novel product or service.
  • Capitalizing on the Opportunity Whichever of these problems your business solves, name it. Describe in detail how your business will solve this problem and how that solution will translate into revenue.
  • Product/Service Describe your product or service. What are it’s specific strengths and how will it appeal to your target audience. What gives your product/service an edge in the market?
  • Marketing and Sales Dedicate 7-10% of your revenue to marketing. It pays long-term dividends. You might be entering a market that appears to have an unlimited demand right now, but business cycles turn, and when they do, the people just bopping along counting on high-demand to replace marketing investment will be left out in the cold.

That’s your executive summary! If it seems like a lot, that’s because it is. But don’t worry about getting it all perfect the first time. This has hopefully got your gears turning for the next sections. And remember, you’ll come back to the executive summary when you’re done and refine it.

Company Description

In detail, describe exactly what your company does and why it will succeed in the market.

Describe your company strengths. What separates your company from the pack? What is it about your company that will help it succeed? Describe your business’ short and long term goals.

  • Company Name: The legal name of your company.
  • Vision/Mission Statement: This should be one or two sentences that sum up what your business is about and what it hopes to achieve.
  • Goals: This should cover both short and long-term goals.
  • Business Legal Structure: Sole Proprietorship, LLC, Corporation, Partnership
  • Ownership/Management Structure: List the owners of the company and any key management figures. What will their titles and basic responsibilities be?
  • Business Location: Where is your company located and what is the scope of its geographical coverage. Is this location a benefit or a challenge to your business.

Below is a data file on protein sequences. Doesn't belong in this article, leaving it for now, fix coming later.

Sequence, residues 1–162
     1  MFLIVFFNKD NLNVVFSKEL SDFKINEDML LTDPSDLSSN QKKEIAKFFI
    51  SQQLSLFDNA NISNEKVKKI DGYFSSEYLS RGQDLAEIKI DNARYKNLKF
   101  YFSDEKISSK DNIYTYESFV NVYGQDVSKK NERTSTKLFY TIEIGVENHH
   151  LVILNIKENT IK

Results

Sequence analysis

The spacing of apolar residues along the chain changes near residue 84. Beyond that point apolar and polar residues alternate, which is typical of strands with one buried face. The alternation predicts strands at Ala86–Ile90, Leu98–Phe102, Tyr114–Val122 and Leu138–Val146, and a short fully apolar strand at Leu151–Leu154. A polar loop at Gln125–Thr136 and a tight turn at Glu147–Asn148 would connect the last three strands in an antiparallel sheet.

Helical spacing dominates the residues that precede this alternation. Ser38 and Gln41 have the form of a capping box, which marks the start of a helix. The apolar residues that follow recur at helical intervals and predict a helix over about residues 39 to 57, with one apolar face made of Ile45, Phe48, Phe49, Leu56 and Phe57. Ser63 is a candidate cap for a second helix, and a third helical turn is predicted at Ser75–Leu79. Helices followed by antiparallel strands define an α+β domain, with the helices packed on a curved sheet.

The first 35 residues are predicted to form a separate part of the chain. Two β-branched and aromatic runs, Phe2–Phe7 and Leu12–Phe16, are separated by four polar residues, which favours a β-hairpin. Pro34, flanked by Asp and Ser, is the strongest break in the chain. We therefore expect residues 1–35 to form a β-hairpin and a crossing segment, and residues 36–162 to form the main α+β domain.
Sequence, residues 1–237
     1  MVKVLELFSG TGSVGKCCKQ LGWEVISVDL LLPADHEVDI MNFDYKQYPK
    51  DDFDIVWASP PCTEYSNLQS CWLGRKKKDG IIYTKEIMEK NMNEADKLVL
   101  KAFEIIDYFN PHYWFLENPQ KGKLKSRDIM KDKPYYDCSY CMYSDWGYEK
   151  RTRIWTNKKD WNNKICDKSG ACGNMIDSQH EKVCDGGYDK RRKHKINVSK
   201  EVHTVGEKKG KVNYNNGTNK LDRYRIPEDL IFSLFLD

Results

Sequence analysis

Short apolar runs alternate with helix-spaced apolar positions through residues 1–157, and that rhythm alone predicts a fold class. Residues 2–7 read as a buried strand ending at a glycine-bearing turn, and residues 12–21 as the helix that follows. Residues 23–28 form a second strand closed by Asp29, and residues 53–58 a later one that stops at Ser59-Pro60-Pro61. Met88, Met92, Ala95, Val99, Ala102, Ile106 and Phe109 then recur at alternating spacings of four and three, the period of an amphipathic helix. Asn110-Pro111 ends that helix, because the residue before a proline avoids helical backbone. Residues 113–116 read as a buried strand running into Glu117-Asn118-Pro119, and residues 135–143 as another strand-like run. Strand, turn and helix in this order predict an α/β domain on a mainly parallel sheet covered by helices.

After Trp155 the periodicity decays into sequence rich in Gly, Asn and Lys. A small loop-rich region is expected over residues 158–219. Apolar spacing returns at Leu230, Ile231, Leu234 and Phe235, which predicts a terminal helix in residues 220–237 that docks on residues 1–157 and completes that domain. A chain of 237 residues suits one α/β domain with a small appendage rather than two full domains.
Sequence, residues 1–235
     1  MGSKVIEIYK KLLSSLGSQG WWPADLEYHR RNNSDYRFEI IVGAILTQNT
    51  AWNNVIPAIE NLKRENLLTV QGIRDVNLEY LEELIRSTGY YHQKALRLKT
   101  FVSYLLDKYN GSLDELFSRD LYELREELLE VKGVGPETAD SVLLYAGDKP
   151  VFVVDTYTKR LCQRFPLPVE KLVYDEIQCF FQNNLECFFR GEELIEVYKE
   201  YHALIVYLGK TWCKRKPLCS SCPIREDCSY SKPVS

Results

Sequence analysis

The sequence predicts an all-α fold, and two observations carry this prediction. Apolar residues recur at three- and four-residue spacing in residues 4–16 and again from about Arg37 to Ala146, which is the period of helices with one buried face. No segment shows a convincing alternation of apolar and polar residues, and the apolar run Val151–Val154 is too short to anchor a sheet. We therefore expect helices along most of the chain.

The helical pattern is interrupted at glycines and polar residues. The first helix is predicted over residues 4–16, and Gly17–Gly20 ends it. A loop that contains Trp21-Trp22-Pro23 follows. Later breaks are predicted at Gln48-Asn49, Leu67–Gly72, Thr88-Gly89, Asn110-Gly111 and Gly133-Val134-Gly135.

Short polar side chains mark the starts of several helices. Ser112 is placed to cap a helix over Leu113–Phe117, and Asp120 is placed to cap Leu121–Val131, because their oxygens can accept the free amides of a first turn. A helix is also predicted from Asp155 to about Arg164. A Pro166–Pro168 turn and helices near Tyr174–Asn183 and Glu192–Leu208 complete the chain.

• Company Story and Owner Bio: How did you arrive at this particular business. Do you have a background in the industry or with the particular product. What is your expertise, and how will it help your company survive?

Market Analysis

Market analysis is the collection and analysis of data regarding your company’s:

  • Customers
  • Competitors
  • Industry at large
  • General economic climate in which the business is to enter

This is a hard section for most small businesses to complete. You’re probably not a marketing expert. Collecting demographic data probably sounds horrifying. Just take your time with it. Regardless of what type of business you are starting, it is actually very important that you begin to build an understanding of the market you will be operating in. Here are a few sites you can use for research:
US Census Bureau

Census Builder

US Bureau of Labor Statistics

Pew Research Center

  • Market Demand: What is the existing demand for your product or service. What evidence do you have to demonstrate this? Is demand for a business like yours new or has it been around a long time? Is demand for a business like yours growing? If there is a demand then it’s because your business is solving a problem for the market. Make a connection between that problem in the market and how the solution your business offers will result in demand for your product or service.
  • Target Market:A target markets refers to the identifying characteristics of the people most likely to buy your product/service. Who are the people that will buy your product or pay for your service? You can break this down by demographic, income group, and geography. Is it middle-aged people interested in model trains? Is it upper middle class homeowners on the south side of town? Identify it.